Amphetamines are drugs that stimulate the central nervous system, and speed up blood pressure, heart rate, metabolism, and other functions. Amphetamines are often referred to as speed. The three kinds of amphetamines are amphetamines, dextroamphetamine, and methamphetamine. Amphetamines are prescribed by doctors to lift the mood of depressed people and to treat narcolepsy, obesity, and hyperactivity in children. Some trademarked prescription drugs that contain amphetamines are Adderall, Desoxyn, Biphetamine, Dexotrostat, Cylert, Dexedrine, Dextrostat, Desoxyn, ProCentra, and Vyvanse.
Amphetamines are highly addictive and rank only after marijuana as the most widely abused kind of street drugs.
Amphetamine is a completely synthetic drug first made in Germany in the 1880s. It was widely used by the British Army during World War II to improve soldiers' endurance. In the 1950s, these drugs were sold over-the-counter as nasal decongestants and weight control pills. As many people became addicted to them, the U.S. government classified methamphetamine, dextroamphetamine, and amphetamine as a Schedule 2 drugs, available only by prescription that cannot be refilled.
Amphetamines have an energizing effect. People who do not need the drug often feel "high," euphoric, powerful, self-confident, and happy when they take it, and then they experience a "crash" when the drug wears off. Many who use it illegally have undiagnosed depression or anxiety disorders and are self-medicating with these drugs.
Amphetamines are also used as "performance drugs." Some athletes, actors and dancers use them before a big game or before going on stage. Some politicians take them while campaigning or before a big speech, and many fashion models abuse them for weight control. Since amphetamines increase the ability to concentrate and make it easier to go without sleep, college students abuse them during finals week.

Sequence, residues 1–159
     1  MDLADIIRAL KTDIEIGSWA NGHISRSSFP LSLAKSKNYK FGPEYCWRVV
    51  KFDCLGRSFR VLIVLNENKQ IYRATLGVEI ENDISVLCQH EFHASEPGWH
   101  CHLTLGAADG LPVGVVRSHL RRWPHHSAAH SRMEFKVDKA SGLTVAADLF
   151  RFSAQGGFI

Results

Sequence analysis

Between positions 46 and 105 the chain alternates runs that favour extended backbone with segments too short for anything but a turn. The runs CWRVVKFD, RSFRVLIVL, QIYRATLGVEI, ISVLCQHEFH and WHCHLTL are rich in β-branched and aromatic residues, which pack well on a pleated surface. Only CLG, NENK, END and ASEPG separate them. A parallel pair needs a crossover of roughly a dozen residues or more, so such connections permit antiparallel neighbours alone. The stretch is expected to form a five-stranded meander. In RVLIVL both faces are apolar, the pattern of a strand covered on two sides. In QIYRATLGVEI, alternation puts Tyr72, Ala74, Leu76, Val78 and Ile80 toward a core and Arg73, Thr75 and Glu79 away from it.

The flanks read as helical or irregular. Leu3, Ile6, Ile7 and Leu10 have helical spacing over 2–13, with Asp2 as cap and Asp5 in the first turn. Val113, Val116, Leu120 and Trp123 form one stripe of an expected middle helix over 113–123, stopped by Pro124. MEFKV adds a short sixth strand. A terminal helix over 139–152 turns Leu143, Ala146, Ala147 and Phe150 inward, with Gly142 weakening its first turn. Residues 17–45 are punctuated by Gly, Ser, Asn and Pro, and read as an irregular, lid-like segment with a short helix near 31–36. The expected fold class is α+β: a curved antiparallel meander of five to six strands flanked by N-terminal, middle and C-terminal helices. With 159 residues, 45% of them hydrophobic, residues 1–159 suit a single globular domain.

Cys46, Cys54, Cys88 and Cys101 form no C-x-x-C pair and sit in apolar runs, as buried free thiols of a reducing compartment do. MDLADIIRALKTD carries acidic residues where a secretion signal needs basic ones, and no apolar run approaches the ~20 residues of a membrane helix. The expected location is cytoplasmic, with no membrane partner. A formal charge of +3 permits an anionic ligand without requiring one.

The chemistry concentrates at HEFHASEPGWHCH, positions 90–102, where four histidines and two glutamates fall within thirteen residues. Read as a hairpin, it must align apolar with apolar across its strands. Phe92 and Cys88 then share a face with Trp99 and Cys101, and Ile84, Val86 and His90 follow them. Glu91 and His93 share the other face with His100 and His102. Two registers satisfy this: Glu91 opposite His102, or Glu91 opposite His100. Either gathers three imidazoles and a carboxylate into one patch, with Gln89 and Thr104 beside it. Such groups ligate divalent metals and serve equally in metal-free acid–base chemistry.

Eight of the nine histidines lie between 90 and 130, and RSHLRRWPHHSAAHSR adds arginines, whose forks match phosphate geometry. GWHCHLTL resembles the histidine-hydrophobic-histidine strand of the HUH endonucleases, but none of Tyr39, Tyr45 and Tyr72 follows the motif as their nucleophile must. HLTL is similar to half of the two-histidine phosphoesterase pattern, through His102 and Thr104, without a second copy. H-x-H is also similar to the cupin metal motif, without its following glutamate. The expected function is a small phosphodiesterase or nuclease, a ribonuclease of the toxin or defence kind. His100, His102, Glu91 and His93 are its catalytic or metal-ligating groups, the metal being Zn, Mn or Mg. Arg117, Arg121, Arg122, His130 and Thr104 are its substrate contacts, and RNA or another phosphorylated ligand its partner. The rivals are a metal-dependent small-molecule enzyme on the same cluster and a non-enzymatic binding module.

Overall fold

Side effects of amphetamines can be nervousness, restlessness, headache, dry mouth, difficulty falling asleep or staying asleep, uncontrollable shaking of a part of the body, and problems such as diarrhea, nausea, vomiting, constipation, and loss of appetite. Amphetamines have caused sudden death in people, especially children, who have heart problems or allergies. Other symptoms of a serious reaction to these drugs might include difficulty breathing, hallucinations, rashes, seizures, weakness in arms or legs, blurred vision, chest pain, shortness of breath, and mania.
However, the biggest danger of using amphetamines without medical supervision is addiction. The well-known doctor Andrew Weil once said, "Amphetamines should not be used by the neurotic, the depressed or fat people." The reason is that these are the groups that tend to become addicted to them. Most amphetamine addicts abuse other substances too, usually alcohol, cocaine, and sleeping pills. Long-term use of these drugs leads to health problems such as emaciation, rotting teeth, compulsive itching, and impaired ability to feel pleasure.
During chemical withdrawal from amphetamines, the person may have symptoms such as depression, fatigue, insomnia, delusions, hallucinations, irritability, loss of interest in daily life, suicidal thoughts and suicide attempts. Although amphetamine addiction has the reputation of being the hardest of all to overcome, recovery rates are actually similar to those of other drugs. Most abusers will need support through 12-step groups, psychotherapy, medically supervised detoxification, and even residential treatment.